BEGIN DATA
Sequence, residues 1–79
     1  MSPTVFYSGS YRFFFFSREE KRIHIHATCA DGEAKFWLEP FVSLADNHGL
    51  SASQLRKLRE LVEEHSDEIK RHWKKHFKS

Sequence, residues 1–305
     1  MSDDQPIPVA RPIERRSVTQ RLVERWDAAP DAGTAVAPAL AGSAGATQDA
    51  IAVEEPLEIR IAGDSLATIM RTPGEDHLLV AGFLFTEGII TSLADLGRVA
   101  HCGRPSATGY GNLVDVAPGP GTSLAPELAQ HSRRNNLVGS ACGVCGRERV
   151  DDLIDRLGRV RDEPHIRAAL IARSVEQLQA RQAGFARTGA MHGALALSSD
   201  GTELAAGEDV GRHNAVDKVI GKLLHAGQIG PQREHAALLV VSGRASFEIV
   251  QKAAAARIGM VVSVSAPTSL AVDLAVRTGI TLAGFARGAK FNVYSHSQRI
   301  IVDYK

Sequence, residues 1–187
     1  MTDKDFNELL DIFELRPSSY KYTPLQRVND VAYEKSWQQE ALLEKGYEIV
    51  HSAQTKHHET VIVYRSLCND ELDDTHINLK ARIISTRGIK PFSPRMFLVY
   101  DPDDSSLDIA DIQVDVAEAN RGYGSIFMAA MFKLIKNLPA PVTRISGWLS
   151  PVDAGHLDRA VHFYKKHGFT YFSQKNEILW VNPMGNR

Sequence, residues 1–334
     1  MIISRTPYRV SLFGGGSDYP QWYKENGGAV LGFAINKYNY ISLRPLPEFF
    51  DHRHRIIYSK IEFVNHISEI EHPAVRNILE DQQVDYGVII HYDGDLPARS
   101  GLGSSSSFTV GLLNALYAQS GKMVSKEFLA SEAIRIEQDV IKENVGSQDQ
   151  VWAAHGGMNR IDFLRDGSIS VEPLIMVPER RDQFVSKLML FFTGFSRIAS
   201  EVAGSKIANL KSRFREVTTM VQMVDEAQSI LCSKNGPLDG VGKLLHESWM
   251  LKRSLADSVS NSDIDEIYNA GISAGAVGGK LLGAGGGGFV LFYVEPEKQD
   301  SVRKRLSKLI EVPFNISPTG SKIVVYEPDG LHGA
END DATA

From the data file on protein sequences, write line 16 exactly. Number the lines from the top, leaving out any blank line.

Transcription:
   151  PVDAGHLDRA VHFYKKHGFT YFSQKNEILW VNPMGNR